News / Africa

Nigeria Vows to Protect Upcoming Economic Forum

Air Commodore Charles Otegbade (3rd L), director of search and rescue operations, looks at the wreckage after a bomb blast at Nyayan bus terminal in Abuja, April 14, 2014.
Air Commodore Charles Otegbade (3rd L), director of search and rescue operations, looks at the wreckage after a bomb blast at Nyayan bus terminal in Abuja, April 14, 2014.
Reuters
Nigeria pledged on Tuesday to deploy more than 6,000 police and soldiers to protect a World Economic Forum on Africa in Abuja next month, a day after a bomb attack by suspected Islamist militants on the capital's outskirts killed dozens.
 
African heads of state and business leaders are due to attend the May 7-9 WEF event - based on the flagship gatherings in Davos, Switzerland - where Nigeria's government wants to showcase the top oil producer's newly acquired status as the largest economy on the continent.
 
Monday's bombing at a crowded bus station killed 71 people, the deadliest ever attack on Abuja, and has raised questions about the government's ability to protect the capital from Boko Haram's bloody insurgency that risks spreading from the Islamist group's heartland in the northeast.
 
Ahead of elections in February, President Goodluck Jonathan is under intense pressure to contain the five-year insurrection.
 
Boko Haram says it wants to carve an Islamic state out of a country split between Muslims living largely in the north and Christians mostly in the south, and its fighters have shown that they can strike further south and in the central zone.
 
Local businesswoman Dorothy Ajunobi, referring to accusations that some politicians are manipulating the violence to try to damage their enemies and serve their own narrow interests, said, “If government can protect adequately participants to a forum, they should be able to protect Nigerian citizens or otherwise it will now be clear this insecurity in Nigeria is political.”
 
Calling Monday's attack a “suspected act of terrorism”, Finance Minister Ngozi Okonjo-Iweala said security agencies were “currently in the middle of a robust and thorough investigation to ensure that the perpetrators are brought to justice”.
 
“Our security planning for the World Economic Forum on Africa is already well under way and will be the largest security operation ever mounted in this country for an international summit,” she said in a statement to participants seen by Reuters, noting security personnel would secure an area  of 250 square kms (100 square miles) around the event.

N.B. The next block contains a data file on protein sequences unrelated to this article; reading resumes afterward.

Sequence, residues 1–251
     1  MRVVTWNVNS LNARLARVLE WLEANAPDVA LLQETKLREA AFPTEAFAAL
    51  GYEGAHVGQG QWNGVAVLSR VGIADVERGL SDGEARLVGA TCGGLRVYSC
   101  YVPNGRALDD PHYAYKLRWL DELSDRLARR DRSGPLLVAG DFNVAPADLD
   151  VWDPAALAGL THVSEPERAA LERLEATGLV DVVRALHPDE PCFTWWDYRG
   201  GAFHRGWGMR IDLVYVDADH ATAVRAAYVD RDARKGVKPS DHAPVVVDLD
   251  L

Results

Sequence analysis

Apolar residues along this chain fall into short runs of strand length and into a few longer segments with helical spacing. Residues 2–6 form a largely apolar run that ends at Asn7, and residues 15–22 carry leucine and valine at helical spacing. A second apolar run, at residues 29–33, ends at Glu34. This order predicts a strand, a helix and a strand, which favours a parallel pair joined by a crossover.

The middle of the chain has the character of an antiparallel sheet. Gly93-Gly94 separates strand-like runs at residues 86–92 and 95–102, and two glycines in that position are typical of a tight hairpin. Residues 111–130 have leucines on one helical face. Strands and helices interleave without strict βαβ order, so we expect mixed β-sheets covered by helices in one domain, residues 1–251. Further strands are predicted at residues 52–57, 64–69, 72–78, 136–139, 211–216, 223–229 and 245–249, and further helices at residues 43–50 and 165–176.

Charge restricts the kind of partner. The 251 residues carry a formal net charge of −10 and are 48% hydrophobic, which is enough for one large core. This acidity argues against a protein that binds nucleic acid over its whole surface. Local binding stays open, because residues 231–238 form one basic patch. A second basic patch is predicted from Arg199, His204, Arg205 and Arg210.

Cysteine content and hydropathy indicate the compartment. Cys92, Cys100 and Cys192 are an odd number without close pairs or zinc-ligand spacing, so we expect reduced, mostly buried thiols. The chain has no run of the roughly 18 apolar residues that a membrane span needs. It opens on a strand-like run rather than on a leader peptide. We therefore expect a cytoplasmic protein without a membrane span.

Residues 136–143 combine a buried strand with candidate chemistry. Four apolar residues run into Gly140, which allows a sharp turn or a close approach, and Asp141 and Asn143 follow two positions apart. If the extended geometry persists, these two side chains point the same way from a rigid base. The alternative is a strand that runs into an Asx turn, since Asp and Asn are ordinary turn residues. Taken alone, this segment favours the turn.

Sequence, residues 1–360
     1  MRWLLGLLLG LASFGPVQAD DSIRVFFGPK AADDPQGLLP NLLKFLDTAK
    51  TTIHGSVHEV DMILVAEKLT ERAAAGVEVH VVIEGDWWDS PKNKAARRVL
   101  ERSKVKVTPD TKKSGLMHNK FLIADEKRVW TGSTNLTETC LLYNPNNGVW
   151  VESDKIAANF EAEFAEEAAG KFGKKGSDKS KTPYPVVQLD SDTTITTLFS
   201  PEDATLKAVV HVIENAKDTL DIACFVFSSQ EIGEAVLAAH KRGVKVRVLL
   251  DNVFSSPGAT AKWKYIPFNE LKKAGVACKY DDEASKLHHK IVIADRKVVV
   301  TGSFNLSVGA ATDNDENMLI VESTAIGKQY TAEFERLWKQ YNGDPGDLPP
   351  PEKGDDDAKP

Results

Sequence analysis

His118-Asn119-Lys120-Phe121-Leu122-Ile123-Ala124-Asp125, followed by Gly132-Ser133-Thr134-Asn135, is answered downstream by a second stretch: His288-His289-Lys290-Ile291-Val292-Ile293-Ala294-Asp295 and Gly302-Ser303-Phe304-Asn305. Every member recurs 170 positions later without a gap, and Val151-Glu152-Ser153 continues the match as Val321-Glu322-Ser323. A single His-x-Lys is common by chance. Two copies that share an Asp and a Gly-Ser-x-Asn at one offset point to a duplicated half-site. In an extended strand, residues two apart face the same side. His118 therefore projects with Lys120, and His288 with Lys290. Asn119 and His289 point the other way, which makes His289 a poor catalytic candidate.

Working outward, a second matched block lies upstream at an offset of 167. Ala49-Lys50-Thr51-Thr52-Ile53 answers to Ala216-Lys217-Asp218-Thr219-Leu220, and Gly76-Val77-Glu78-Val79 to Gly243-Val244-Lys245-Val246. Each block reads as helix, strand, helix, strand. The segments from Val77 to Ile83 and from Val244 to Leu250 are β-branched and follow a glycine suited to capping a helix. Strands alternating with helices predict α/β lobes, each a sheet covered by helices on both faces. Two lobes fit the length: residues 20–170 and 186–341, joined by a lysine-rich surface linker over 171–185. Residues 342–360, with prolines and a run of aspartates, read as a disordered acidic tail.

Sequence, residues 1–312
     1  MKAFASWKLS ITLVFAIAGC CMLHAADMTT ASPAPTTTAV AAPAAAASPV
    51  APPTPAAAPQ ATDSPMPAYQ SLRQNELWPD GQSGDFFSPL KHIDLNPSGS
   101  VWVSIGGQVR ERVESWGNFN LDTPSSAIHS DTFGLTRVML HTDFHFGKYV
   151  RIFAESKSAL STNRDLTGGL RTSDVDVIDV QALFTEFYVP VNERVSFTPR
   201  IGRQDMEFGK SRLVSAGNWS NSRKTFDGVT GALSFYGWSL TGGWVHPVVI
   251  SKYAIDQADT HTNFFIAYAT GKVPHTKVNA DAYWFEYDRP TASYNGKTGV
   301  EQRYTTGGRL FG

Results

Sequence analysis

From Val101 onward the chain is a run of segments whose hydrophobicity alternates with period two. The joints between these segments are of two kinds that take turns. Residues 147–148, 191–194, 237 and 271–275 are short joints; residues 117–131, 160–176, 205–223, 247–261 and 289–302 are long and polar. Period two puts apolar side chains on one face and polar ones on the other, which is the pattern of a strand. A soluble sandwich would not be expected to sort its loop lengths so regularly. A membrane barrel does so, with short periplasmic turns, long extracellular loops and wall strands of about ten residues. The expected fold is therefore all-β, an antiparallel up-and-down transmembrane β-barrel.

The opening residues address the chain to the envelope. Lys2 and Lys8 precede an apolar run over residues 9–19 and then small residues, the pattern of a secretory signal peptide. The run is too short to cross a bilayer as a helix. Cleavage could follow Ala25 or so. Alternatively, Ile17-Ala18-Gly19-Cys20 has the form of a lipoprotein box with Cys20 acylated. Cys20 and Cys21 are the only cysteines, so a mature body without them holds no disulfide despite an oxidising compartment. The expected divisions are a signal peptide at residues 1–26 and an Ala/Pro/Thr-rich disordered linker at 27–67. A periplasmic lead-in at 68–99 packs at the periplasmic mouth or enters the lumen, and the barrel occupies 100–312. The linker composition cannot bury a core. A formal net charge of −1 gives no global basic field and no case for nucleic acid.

The note assuring participants they would be safe was also signed by Nwanze Okidegbe, Jonathan's chief economic adviser.
 
Last year's World Economic Forum on Africa was held in Cape Town, South Africa, which Nigeria overtook as Africa's largest economy this month through a rebasing exercise that expanded its GDP to nearly $510 billion in 2013.
 
'Protect us first'
 
Angry Abuja residents questioned why the government should give priority to ensuring no harm came to high-profile visitors while it was failing to guarantee daily security for Nigerians.
 
“They should protect us first and people will be attracted to come to Nigeria,” Ajayi Ademola, a computer operator in a local business center, told Reuters.
 
Some of the foreign WEF participants might choose to stay away anyway after Monday's bombing, Ademola said.
 
Boko Haram
Visiting the scene of the bombing at Nyanya on Monday, Jonathan implored Nigerians to be more vigilant and called the threat from Boko Haram “temporary”.
 
But, despite a state of emergency declared last year in the northeastern states and a muscular offensive involving thousands of troops backed by aircraft, Nigeria's military has failed to quell the revolt.
 
Former Vice President Atiku Abubakar, a northern politician who defected to Nigeria's main opposition in February from Jonathan's ruling People's Democratic Party (PDP), urged the government to accept foreign help in fighting what he called “terrorism”.
 
“There is an urgent need for the government of Nigeria to review its methods and strategies for dealing with terrorism,” Abubakar said in a statement that called on Jonathan's administration to use increased and improved intelligence methods to detect and pre-empt attacks by Boko Haram.
 
Boko Haram militants are increasingly targeting civilians they accuse of collaborating with the government or security forces. Security sources estimate the conflict has killed more than 2,000 people in the past six months alone.
 
The United States condemned Monday's bombing and said it stood with Nigerians as they grapple with “violent extremism”.
 
There had been no violence on such a scale near the capital since suicide car bombers targeted the offices of the newspaper This Day in Abuja and the northern city of Kaduna in April 2012.
 
A Christmas Day bombing of a church in Madalla, on the outskirts of Abuja, killed 37 people in 2011. Boko Haram also claimed responsibility for a bomb attack on the United Nations' Nigeria headquarters that killed 24 people on Aug. 26, 2011.
 
Boko Haram, which in the Hausa language means broadly “Western education is sinful”, is loosely modeled on the Taliban movement in Afghanistan, and has forged ties with al-Qaida-linked militants in the Sahara.

You May Like

Multimedia Obama Defends Immigration Action

Obama says with his executive action on immigration, enforcement resources will be focused on 'felons, not families; criminals, not children' More

US-Led Airstrikes in Syria Kill Over 900: Monitoring Group